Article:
When I joined the Air Force, I decided to not attend any religious aspect. I felt that my Spirituality was something that I had to practice on my own – privately. I felt that there had to be more than just a singular God who was placed at the top of a Trinity, which was treated as a singular aspect. I felt the pull of Nature. I spent time outdoors, even in the hot Texas heat. I could not understand a doctrine that doomed the rest of the animals on the Earth to be nothing more than “stock” placed there for the usage of mankind by an angry, jealous God. Eventually, I stumbled into Paganism, and I found pieces – major pieces of the puzzle – that clicked.

In the first steps of my time on this Path – I completely rejected the Christian faith that I had been a part of. Not just the theology, but the entire aspect. It was wasted time in my eyes. And I will admit, I became very antagonistic towards people who mentioned that I had previously been Christian. What did they know? They needed to open their eyes and see the world for what it was. I lived that arrogant position for nearly a decade.

Eventually, as I was starting to explore the ideas of theology on my own, I started to see similarities between my older positions of faith, and my continual expansion and exploration on my Pagan Path. And the realization eventually was made – I never truly left those particular beliefs completely behind. Sure, I do not believe the divinity aspect of the Christian faith, I see more than one singular aspect of “God”. But that does not mean that all those people who follow that aspect are wrong. They are right for themselves. Its what works for them. But there are parts of their practices and faiths that I have continually held on to: helping others, fostering the sense of “community”, finding charity in my heart for others who are currently in the rocky stretches of their lives – even when its just a smile, and a hug.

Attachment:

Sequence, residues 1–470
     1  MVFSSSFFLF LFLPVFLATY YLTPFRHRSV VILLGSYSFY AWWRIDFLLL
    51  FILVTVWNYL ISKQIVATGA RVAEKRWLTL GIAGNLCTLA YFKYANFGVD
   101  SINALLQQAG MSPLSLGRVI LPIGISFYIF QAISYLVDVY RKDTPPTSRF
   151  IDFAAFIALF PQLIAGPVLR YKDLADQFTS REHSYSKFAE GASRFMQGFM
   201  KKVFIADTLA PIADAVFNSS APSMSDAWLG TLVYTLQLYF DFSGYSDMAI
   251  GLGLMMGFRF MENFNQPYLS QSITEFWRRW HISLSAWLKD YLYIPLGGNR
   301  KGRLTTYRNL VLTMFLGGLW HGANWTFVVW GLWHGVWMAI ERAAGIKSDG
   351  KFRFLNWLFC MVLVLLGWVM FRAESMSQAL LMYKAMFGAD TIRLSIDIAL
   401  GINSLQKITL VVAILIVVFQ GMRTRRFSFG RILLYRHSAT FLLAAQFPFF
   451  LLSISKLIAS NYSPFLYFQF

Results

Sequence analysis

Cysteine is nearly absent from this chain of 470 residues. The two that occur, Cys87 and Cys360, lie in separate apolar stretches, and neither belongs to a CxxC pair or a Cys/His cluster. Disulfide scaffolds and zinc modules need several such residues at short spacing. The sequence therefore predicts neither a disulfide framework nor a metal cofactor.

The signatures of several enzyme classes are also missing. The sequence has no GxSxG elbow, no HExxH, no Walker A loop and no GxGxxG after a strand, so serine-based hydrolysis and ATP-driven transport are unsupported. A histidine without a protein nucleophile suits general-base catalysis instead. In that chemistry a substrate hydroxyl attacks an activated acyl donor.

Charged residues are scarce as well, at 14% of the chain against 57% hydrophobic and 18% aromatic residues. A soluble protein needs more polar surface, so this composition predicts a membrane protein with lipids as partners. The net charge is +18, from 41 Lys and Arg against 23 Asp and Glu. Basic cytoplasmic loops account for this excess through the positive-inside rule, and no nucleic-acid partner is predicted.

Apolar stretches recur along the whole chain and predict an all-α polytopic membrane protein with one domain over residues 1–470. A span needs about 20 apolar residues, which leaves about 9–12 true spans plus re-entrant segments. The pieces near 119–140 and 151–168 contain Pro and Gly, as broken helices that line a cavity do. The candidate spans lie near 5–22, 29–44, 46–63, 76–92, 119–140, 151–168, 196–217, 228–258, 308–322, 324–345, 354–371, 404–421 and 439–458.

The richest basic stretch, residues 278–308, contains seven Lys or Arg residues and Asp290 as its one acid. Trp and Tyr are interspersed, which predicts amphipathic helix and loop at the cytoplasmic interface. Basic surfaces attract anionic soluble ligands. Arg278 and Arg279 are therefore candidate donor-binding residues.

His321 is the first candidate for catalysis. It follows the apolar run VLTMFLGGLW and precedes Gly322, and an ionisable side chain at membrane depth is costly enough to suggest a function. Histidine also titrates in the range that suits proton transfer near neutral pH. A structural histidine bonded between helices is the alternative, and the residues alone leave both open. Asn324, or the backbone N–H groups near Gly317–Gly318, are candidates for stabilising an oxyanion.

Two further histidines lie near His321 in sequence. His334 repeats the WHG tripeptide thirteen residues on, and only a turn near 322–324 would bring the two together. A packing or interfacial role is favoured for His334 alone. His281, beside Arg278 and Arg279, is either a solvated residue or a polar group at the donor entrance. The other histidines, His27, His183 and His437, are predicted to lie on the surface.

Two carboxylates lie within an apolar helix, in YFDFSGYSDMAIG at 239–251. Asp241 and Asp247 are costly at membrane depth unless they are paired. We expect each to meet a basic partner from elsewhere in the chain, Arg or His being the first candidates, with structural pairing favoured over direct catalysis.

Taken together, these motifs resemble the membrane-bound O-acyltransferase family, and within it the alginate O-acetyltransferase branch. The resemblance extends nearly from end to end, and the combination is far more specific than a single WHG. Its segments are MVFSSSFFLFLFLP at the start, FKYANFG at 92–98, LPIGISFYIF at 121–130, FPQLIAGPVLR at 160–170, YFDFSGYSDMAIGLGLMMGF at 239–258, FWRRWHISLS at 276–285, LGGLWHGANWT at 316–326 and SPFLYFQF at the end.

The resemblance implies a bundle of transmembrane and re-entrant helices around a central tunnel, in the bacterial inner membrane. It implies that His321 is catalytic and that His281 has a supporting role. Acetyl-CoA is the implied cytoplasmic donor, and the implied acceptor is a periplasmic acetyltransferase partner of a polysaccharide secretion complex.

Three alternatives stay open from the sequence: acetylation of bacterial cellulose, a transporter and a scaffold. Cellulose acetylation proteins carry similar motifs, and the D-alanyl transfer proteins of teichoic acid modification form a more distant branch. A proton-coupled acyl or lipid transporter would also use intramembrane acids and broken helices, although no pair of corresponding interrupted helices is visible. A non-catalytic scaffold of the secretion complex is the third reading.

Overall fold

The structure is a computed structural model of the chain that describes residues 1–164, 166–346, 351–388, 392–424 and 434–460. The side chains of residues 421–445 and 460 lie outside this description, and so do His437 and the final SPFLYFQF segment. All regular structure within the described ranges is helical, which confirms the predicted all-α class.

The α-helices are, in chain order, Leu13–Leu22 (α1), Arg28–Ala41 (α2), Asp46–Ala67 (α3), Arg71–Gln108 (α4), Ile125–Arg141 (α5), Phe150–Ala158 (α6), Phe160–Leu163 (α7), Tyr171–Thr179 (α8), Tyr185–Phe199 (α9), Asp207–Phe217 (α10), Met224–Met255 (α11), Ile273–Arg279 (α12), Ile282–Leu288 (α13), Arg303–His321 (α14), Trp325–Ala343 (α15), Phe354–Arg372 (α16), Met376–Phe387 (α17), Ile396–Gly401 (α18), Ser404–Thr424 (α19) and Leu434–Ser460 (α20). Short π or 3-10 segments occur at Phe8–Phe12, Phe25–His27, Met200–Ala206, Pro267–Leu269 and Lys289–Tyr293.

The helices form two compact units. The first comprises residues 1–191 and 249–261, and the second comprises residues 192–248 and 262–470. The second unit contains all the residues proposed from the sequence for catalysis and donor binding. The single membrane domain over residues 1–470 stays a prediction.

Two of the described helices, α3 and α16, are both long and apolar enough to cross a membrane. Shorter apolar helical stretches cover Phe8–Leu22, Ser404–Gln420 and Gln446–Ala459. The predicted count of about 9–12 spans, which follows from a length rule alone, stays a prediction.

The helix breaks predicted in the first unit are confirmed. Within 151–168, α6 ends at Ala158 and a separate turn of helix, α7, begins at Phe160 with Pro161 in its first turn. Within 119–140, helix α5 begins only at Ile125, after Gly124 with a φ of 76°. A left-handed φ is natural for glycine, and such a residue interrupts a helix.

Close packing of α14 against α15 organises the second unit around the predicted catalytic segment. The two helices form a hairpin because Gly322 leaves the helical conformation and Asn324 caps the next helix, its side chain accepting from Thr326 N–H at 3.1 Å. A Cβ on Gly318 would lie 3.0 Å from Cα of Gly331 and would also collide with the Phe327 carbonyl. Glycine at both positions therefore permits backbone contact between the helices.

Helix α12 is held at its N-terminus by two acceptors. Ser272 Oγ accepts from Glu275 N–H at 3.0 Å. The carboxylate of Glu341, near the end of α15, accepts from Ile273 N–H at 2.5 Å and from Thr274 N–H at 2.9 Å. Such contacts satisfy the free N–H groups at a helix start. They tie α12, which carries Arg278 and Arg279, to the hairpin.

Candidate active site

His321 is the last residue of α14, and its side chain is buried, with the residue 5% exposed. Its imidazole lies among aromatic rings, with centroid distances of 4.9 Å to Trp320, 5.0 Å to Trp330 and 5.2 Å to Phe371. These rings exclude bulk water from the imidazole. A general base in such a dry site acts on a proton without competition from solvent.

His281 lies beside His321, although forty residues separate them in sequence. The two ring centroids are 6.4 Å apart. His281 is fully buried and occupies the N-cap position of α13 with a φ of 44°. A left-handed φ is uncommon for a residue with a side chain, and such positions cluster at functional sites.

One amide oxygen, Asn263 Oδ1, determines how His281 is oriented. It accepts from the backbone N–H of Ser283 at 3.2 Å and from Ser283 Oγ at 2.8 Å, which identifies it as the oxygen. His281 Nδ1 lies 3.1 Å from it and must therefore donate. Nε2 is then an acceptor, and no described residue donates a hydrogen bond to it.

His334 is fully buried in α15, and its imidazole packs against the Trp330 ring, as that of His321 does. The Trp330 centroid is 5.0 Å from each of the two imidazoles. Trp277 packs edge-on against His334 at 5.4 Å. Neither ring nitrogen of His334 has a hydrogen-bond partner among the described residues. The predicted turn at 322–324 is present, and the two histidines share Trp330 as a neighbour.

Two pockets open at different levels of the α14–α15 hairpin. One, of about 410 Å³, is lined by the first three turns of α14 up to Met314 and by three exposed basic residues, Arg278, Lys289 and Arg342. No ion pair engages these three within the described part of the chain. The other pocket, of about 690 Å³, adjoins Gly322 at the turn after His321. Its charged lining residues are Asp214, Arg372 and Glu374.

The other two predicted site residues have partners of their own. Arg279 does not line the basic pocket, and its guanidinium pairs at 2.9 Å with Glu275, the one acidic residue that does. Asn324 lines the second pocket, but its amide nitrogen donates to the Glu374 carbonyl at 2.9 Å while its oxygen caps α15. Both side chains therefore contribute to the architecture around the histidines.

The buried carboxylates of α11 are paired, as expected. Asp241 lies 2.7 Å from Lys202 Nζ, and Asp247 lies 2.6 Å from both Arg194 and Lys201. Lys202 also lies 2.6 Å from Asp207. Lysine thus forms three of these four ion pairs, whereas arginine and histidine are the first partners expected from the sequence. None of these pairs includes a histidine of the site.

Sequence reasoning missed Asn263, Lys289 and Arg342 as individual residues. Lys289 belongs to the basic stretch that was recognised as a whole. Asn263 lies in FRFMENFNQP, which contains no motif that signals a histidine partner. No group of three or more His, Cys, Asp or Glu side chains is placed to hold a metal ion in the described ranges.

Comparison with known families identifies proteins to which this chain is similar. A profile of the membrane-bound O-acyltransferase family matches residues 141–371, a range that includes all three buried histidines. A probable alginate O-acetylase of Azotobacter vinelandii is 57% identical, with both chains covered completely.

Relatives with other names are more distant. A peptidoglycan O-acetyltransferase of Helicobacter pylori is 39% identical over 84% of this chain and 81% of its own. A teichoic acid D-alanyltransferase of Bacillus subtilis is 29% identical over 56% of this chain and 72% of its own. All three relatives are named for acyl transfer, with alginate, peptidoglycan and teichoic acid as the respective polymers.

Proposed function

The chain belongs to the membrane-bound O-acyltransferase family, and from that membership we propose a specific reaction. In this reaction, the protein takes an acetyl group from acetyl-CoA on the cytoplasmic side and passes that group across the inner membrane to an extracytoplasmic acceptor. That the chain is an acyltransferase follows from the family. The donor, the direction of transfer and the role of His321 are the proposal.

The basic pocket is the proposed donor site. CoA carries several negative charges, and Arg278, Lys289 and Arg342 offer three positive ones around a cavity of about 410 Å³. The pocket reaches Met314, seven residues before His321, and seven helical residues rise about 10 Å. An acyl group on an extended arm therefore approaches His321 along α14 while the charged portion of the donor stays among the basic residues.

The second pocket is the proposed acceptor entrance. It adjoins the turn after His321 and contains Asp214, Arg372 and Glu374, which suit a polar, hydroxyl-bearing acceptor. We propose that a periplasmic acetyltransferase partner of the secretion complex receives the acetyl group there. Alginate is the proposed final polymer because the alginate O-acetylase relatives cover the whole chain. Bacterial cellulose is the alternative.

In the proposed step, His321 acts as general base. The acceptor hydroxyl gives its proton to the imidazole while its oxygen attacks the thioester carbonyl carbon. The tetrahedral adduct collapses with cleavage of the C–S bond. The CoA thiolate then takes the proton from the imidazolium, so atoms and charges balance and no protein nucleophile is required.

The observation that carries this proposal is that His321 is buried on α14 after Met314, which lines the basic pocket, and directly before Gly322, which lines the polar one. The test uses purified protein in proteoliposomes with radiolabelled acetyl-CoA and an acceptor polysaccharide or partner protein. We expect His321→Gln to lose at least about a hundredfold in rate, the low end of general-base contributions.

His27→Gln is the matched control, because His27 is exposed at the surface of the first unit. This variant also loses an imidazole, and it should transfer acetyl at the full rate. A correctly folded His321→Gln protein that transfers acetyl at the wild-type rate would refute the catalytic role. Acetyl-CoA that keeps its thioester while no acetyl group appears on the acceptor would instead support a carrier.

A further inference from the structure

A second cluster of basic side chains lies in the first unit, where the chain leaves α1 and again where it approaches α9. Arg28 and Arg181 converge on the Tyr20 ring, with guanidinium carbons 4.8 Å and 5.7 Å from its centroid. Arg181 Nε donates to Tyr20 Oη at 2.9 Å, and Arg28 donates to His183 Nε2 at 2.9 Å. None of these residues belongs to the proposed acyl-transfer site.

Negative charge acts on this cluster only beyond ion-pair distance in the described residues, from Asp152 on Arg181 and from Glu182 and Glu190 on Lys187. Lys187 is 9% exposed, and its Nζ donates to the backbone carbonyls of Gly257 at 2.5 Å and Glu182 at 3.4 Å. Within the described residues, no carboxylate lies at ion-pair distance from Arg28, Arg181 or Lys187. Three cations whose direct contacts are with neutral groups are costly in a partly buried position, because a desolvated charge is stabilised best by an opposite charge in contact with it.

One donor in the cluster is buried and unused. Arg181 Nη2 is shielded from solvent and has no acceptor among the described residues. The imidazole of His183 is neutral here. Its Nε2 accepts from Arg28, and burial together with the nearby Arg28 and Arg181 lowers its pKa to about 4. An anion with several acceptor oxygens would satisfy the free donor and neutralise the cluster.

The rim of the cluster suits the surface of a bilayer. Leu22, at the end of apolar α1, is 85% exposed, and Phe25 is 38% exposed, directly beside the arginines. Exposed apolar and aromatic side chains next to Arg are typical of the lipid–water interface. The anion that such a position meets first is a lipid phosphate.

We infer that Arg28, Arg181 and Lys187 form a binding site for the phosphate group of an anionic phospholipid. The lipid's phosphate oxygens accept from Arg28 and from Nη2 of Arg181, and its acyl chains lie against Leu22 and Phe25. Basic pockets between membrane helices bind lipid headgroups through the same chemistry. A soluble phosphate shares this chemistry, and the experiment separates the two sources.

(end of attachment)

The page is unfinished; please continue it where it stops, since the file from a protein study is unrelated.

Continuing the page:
That’s right. My understanding of compassion, humility, and my expressions of hope for the better parts of human beings comes from my steps on the Christian Path. And it took me the better part of fifteen years to understand that this never left me. No, embracing these ideals is not going to make me a Christian again. In fact, these same ideals can be found throughout our wider-ranging Pagan community. Here in DFW, one only has to look at the outpouring of our Pagan community through the Food Drive and the Blood Drive that happened during Pagan Pride Day in October of last year. Nor will embracing where these ideals initially took their root in my Life is not going to make me a Christian nor will it invalidate the Path that I am currently on.